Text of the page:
What, then, is our doctrine? The Lord, in delivering the saving Faith to those who become disciples of the word, joins with the Father and the Son the Holy Spirit also; and we affirm that the union of that which has once been joined is continual; for it is not joined in one thing, and separated in others. But the power of the Spirit, being included with the Father and the Son in the life-giving power, by which our nature is transferred from the corruptible life to immortality, and in many other cases also, as in the conception of “Good,” and “Holy,” and “Eternal,” “Wise,” “Righteous,” “Chief,” “Mighty,” and in fact everywhere, has an inseparable association with them in all the attributes ascribed in a sense of special excellence. And so we consider that it is right to think that that which is joined to the Father and the Son in such sublime and exalted conceptions is not separated from them in any.

Read it carefully and read it all.

Posted in Church History, The Trinity: Father, Son and Holy Spirit

Eleanor Parker–‘O three and one without ending’: a wittily clever medieval song to the Holy Trinity

One of the points I like to emphasise on this blog is that (contrary to what many people believe who know nothing about the subject) medieval religious literature is often full of creativity, imagination and joy. Here’s a perfect example: this is a witty, playful, exuberant medieval carol on the subject of – of all things – the Holy Trinity. I’ve heard many a solemn, pained sermon on the Trinity, complaining about how difficult it is for us to understand, how it’s always been a stumbling block for believers and a trial to the unwary preacher. That’s how our age approaches mystery and complexity; but in the fifteenth century, they wrote carols about it. That’s how creative medieval religion could be.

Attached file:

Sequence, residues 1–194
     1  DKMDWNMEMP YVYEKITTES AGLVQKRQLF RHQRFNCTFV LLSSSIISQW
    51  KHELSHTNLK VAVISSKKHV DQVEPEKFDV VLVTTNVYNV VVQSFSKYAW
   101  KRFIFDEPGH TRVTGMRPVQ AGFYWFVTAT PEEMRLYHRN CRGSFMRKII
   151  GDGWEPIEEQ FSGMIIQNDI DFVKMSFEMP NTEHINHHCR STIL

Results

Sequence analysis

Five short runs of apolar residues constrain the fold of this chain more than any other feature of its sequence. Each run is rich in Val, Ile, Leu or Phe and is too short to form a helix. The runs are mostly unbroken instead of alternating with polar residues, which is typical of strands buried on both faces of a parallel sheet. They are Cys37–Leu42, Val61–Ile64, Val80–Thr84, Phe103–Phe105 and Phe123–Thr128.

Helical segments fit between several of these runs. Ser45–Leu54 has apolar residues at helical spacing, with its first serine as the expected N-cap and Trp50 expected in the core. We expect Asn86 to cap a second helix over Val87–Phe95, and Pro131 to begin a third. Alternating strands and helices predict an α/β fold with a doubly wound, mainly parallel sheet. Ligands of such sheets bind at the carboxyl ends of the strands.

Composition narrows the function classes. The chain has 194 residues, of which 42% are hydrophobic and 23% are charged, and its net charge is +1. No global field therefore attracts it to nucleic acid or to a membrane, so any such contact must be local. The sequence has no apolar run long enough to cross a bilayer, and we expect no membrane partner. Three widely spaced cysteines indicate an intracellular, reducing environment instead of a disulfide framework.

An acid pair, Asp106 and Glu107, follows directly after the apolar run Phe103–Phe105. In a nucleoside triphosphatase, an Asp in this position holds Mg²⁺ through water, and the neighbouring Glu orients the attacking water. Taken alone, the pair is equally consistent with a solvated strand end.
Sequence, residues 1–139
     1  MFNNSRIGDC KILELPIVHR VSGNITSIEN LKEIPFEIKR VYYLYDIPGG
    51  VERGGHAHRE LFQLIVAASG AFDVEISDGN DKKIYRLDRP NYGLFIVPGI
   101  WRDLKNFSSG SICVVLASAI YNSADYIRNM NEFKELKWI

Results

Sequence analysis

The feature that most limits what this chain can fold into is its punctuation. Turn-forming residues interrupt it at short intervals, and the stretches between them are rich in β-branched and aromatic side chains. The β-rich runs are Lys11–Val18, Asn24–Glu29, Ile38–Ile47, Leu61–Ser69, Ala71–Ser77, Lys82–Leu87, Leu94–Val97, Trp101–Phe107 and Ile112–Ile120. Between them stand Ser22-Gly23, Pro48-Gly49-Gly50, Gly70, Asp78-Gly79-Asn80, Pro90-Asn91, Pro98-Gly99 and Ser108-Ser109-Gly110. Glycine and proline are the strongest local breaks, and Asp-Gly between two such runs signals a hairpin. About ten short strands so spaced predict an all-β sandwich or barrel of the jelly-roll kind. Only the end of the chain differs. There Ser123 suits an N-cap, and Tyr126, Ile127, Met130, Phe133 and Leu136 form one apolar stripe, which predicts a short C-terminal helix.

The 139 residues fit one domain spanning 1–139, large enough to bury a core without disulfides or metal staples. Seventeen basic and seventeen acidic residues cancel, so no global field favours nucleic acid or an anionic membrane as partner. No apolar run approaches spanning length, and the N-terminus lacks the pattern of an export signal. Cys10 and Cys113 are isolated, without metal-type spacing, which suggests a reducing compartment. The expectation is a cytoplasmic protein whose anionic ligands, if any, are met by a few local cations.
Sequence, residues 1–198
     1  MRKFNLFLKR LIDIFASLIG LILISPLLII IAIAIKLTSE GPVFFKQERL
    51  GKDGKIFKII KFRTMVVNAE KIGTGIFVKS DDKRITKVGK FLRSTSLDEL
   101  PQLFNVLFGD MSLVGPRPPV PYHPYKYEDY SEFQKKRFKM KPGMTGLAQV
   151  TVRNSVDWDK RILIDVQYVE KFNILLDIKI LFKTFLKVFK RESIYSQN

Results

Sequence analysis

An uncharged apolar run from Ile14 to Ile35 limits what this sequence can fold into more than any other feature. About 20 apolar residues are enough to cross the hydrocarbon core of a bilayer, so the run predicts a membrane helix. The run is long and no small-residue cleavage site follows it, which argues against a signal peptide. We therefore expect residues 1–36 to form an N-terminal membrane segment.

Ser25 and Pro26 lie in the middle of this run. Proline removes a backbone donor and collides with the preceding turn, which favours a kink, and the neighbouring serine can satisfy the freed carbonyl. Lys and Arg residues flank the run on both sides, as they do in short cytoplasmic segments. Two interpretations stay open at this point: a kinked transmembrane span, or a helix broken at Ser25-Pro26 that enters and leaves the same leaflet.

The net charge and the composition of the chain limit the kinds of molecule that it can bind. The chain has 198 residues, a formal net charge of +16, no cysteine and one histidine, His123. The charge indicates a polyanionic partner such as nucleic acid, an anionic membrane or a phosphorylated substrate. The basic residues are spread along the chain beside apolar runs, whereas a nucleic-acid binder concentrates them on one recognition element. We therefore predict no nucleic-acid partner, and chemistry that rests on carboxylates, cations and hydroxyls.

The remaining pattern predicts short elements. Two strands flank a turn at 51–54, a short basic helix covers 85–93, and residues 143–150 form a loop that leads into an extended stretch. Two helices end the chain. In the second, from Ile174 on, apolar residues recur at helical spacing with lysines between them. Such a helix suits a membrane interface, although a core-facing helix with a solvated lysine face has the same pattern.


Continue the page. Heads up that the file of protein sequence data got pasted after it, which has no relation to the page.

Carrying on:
Read it all (my emphasis).

Posted in Church History, The Trinity: Father, Son and Holy Spirit

A Prayer for Trinity Sunday from the book of Common Order

Almighty God, most blessed and most holy, before the brightness of whose presence the angels veil their faces: With lowly reverence and adoring love we acknowledge thine infinite glory, and worship thee, Father, Son, and Holy Spirit, eternal Trinity. Blessing, and honour, and glory, and power be unto our God, for ever and ever.

Posted in Spirituality/Prayer, The Trinity: Father, Son and Holy Spirit

Food for Thought in Easter–Gregory of Nyssa on the Holy Trinity

All that the Father is, we see revealed in the Son; all that is the Son’s is the Father’s also; for the whole Son dwells in the Father, and he has the whole Father dwelling in himself… The Son who exists always in the Father can never be separated from him, nor can the Spirit ever be divided from the Son who through the Spirit works all things. He who receives the Father also receives at the same time the Son and the Spirit. It is impossible to envisage any kind of severance or disjunction between them: One cannot think of the Son apart from the Father, nor divide the Spirit from the Son. There is between the three a sharing and a differentiation that are beyond words and understanding.

The distinction between the persons does not impair the oneness of nature, nor does the shared unity of essence lead to a confusion between the distinctive characteristics of the persons. Do not be surprised that we should speak of the Godhead as being at the same time both unified and differentiated. Using riddles, as it were, we envisage a strange and paradoxical diversity-in-unity and unity-in-diversity.

–Gregory of Nyssa, from Gregory of Nyssa’s Mystical Writings, translated and edited by Herbert Mursillo (Crestwood, N.Y.: St. V1adimir’s Seminary Press, 1979).

Posted in Church History, The Trinity: Father, Son and Holy Spirit

Diocese of South Carolina to offer Basic Christian Theology Class this Easter


Beginning April 4 and for the following six Wednesdays, the Diocese of South Carolina will offer a course on Basic Christian Theology taught by Canon Theologian Dr. Kendall Harmon with Bishop Mark Lawrence and others. The first five classes will be held at St. Philip’s Church, Charleston, and the last two will be held at St. Michael’s Church, Charleston. The classes will be held in the church parish halls.

The format of the evenings will be to have a teaching from 7 to 8 pm (after which people who need to leave may do so), with an open Question and Answer session to follow for those who wish to stay from 8 to 8:30 p.m.

The class will cover the following topics in order:

  • Authority and Revelation
  • The Holy Trinity
  • The Person and Work of Jesus Christ
  • The Nature of Human Beings
  • The Christian Life
  • The Church
  • Eschatology, or the Last Things